Articles tagged with: theQ
To be sure, acting out is unhealthy and oftentimes illegal. However, it is understandable in this context. It is the responsibility of those with resources, not only money but common sense and decency, to make all areas welcoming to our gay kids. It is also our responsibility to let all community members know that illegal acts, particularly violence, can result in jail, prison, and sometimes even disability or death. People who violate these shared social norms against violence have to face the penalty, whether the violence occurs on the south side or the north side and this must be made clear in a healthy way. A healthy way in this instance would be an avenue that lets these kids know that if they think it is bad here, it is even worse in jail and that the inequality they experience now will be much worse with a criminal record. These are the facts. We need to take an honest inventory of our city and our gay community and confront the social problems we see head on with common sense and inclusivity. We are all a part of that sometimes silly rainbow, made up of a diversity of colors, cultures and voices. Let’s take care of our own wherever they live in order to make our entire community a safer, healthier environment and make racism and homophobia relics of the past.
Trans people are very much at high risk for assault; the statistics are rather abysmal, to say the least. There’s reason to be vigilant. I’ve written before about crimes against trans people, ones in my area. It is nerve-wrecking even just to walk into a public restroom in a new place (in fact, I know some who just flat-out avoid unknown restrooms, even at their own health/comfort expense). Groups like the Pink Pistols arose because of real threats to the queer community.
Unfortunately, most of the white people screaming loudest on this topic have no interest in unraveling the causation of these disparities. They just want to extrapolate the statistical data that demonstrates a correlation between a person’s race (so long asthey are not white) to their negative traits. They attack white intolerance through their religion and black intolerance through their race, and facts be damned. Instead of using every instance of “black homophobia” as evidence that the Negros are coming to get the white homos, the white homos could avail themselves of the realities of minority experiences in the LGBT community.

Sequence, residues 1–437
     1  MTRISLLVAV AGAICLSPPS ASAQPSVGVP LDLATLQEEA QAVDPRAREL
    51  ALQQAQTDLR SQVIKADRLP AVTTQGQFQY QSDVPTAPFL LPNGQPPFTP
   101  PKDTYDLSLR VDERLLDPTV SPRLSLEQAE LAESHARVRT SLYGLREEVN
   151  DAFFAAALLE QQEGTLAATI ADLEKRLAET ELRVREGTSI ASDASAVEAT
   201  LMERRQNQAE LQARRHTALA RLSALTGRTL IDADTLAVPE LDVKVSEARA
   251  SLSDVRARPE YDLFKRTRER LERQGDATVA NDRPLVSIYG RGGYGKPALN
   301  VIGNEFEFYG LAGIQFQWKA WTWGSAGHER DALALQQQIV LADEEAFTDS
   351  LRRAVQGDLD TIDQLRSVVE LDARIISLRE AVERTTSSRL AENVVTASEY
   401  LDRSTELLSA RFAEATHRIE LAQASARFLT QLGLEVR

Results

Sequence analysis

This is not the Summer of Love (unless you’re offering to make it such); this is the Summer of My Netflix Account and DVR. In my adventures in screen-viewing, I have learned one basic tenant: You have to go through a lot of shit to find a gem. This is especially true when trying to find portrayals of trans and intersex characters that aren’t cringe-worthy or hollow two dimensional characters.
Personal Narratives, Pride »
“I have always felt like a woman. I can remember the times when my father would buy me baseballs, footballs, and all of these manly things as a child, but I would always just play with my sisters dolls and dress in their clothes. That was what made me comfortable. I never thought that anything was wrong with it because I felt that I was supposed to be a woman. While I was comfortable with it, my parents struggled with it at first. It was hard on my them, but my mother sheltered me and let me know it was okay.
What this means in the context of this post, and hopefully to real world situations is that the queer community was born out of the diversity and out of riot and against oppression and patriarchy. But during times of war or massive upheavel, there are pretty unnoticeable things that people proclaim under the banner of Patriotism that is both deeply classed, racialized and sexualized. And during those times, homonormativity is asked by the queer community to be considered as good queer citizens. But homornortamvity is standing room only and the word can only encompass so few people deemed worthy of national recogntion.
At this point in your journey you think the hardest part about being a gay kid in an exclusively straight environment is that you don’t have a template to model your life after. There is no one to show you what you can hope for or what you should steer away from. No one to take you by the hand and assure you that everything will turn out fine. Blind and unguided, you’re left to fend for yourself, to piece together a good life when you have no idea what a good life is supposed to be for a gay black man.
Culture, Television »
It’s delightful to see that when the big “reveal” happens, the judges and audience seem to generally be pleasantly surprised. Thai culture is definitely more accustomed to trans females (eg: the publicly recognized culture of kathoey), but that doesn’t mean that there still isn’t a certain amount of societal shame attached to being a non-masculine male. Thus, I was happy to see the singer treated with respect (the hosts referred to her as “her” rather than stumbling through awkward non-gendered pronouns or only using her name) and acknowledged for her talent.
DisOrienting Encounters, Race »
And as a my friend Kevin said on a profound car ride once, ‘”You can be your race within your community and go home to your family and easily identify with your family. But when your gay, you dont come home to a family of gay people”. The disidentification from queer and race, in this case, strikes at family and community where sexual identification may be a stronger identification marker than being a racialized individual.